Funding proposals for 2019 now are being accepted through the Michigan Invasive Species Grant Program, with an anticipated $3.6 million available to applicants. The program – a joint effort of the Michigan departments of Natural Resources; Environment, Great Lakes, and Energy; and Agriculture and Rural Development – is part of a statewide initiative launched in 2014 to help prevent, detect and control invasive species in Michigan.
An invasive species is one that is not native and whose introduction causes harm, or is likely to cause harm to Michigan’s environment, economy or human health.
“From our old-growth forests and inland lakes and streams, to the unmatched sportfishing opportunities and thousands of miles of trails, Michigan is home to some truly world-class outdoor recreation opportunities,” said DNR Director Dan Eichinger. “Unchecked invasive species pose serious threats to those resources and the outdoor economy. Michigan’s Invasive Species Grant Program is a valuable tool that allows us to work with community partners around the state to better fight and contain these land and water pests.”
Program handbook, webinar
The 2019 grant program handbook outlines priorities and application guidelines. Applicants also can take advantage of a two-part webinar on Tuesday, July 16:
Part 1 starts at 9 a.m. and will focus on general grant information, 2019 priorities and the application process.
Part 2 follows at 10 a.m. and will explain the Cooperative Invasive Species Management Area application process and funding for 2019.
Both the handbook and webinar registration information are available at Michigan.gov/Invasives. A recorded version of the webinar will be available at this website after July 19.
This year the program is seeking projects targeting detection and control of high-risk invasive species including European frogbit, Japanese stiltgrass, giant hogweed and hemlock woolly adelgid. Emphasis also is placed on efforts to increase public adoption of decontamination practices that prevent the spread of invasive species – like making sure that vehicles and recreational gear are free of plants and other debris.
Priority is given to support of Cooperative Invasive Species Management Areas across the state and other regional efforts to manage invasive species.
Projects to improve biological understanding and advance control methods for established species including Eurasian watermilfoil, starry stonewort, oak wilt and Japanese and giant knotweed also are requested.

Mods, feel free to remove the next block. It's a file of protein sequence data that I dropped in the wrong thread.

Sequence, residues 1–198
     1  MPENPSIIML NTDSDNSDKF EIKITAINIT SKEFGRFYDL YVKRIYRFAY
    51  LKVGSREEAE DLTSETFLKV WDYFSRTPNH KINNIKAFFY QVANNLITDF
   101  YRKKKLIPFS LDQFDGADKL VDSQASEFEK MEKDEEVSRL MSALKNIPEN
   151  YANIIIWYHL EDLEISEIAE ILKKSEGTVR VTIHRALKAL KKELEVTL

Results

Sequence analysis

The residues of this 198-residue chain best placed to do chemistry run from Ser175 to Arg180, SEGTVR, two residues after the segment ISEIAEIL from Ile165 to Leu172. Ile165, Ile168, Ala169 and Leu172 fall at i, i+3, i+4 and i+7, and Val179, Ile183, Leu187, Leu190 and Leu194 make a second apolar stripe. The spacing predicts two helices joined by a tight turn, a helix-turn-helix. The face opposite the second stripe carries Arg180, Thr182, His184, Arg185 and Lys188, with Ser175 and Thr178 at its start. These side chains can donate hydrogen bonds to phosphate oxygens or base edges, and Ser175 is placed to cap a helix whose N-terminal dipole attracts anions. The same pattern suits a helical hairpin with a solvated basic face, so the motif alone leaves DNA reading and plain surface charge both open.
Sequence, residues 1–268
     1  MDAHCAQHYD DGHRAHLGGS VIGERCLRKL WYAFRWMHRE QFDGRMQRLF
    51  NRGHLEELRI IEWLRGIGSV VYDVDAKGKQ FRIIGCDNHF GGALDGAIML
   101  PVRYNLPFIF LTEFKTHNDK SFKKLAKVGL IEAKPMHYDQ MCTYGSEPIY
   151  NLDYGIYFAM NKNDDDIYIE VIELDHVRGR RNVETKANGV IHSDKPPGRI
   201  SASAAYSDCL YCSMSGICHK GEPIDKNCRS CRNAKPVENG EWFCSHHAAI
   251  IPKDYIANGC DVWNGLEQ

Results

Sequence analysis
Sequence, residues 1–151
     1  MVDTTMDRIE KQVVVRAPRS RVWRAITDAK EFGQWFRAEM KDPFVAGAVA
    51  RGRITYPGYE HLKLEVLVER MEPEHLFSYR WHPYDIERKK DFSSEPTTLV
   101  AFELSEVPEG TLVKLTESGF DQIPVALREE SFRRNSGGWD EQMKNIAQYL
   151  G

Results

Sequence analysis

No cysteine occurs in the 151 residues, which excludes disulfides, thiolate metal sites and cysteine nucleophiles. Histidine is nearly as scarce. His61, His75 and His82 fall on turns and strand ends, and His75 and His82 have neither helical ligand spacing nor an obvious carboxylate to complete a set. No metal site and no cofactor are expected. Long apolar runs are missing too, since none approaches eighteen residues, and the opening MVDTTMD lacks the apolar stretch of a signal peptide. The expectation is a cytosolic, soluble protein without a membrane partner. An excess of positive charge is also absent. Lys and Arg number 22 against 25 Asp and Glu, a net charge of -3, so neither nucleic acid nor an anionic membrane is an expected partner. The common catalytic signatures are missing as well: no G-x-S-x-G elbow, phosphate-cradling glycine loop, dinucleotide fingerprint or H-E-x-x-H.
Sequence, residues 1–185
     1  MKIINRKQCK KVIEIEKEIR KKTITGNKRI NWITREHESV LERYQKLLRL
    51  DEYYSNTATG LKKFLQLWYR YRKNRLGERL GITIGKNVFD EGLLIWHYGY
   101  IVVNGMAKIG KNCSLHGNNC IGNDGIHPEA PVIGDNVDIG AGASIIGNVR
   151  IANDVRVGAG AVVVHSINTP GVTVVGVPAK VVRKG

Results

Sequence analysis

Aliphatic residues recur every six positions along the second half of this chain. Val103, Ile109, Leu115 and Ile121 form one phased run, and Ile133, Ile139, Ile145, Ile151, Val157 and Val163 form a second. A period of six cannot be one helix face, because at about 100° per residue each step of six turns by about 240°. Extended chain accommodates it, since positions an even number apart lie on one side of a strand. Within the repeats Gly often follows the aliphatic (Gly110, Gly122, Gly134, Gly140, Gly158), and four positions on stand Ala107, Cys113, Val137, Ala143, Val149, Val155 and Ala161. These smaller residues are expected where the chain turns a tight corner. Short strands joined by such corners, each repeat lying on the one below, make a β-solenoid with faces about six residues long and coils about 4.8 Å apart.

The Michigan Invasive Species Grant Program supports projects throughout the state that prevent, detect, manage and eradicate invasive species on the ground and in the water. Total program funding is set by the Legislature and the governor during the annual budget cycle.
Since its inception, the program has awarded over $18.5 million to 112 projects, resulting in management of invasive species including hemlock woolly adelgid, phragmites and Japanese knotweed on more than 35,000 acres of land and water statewide.
Studies on the effects of European frogbit and didymo (also known as “rock snot”) on the Great Lakes ecosystems currently are underway, as is research to develop beech bark disease-resistant trees for reforestation in Michigan. Highlights of the 2018 invasive species program are available in the Michigan Invasive Species Program Annual Report, which includes program-funded projects.
Regional Cooperative Invasive Species Management Areas are operating in all of Michigan’s 83 counties, assisting the public in identifying and managing invasive species. Contact information for individual CISMAs can be found in the Local Resources section of the invasive species website.
Important program dates and information
Local, state, federal and tribal units of government, nonprofit organizations and universities may apply for funding to support invasive species projects in Michigan. For this 2019 funding cycle, the preproposal phase has been eliminated, and full project proposals are due Sept. 3.
Grant requests for 2019 general projects can range from a minimum of $25,000 to a maximum of $400,000. CISMAs can request up to $60,000 for annual implementation of prevention, detection and control activities and up to $40,000 for specific survey and treatment projects. Applicants must commit to provide a minimum of 10 percent (in the form of a local match) of the total project cost.
Competitive applications will outline clear objectives, propose significant ecological benefits, demonstrate diverse collaboration and show strong community support.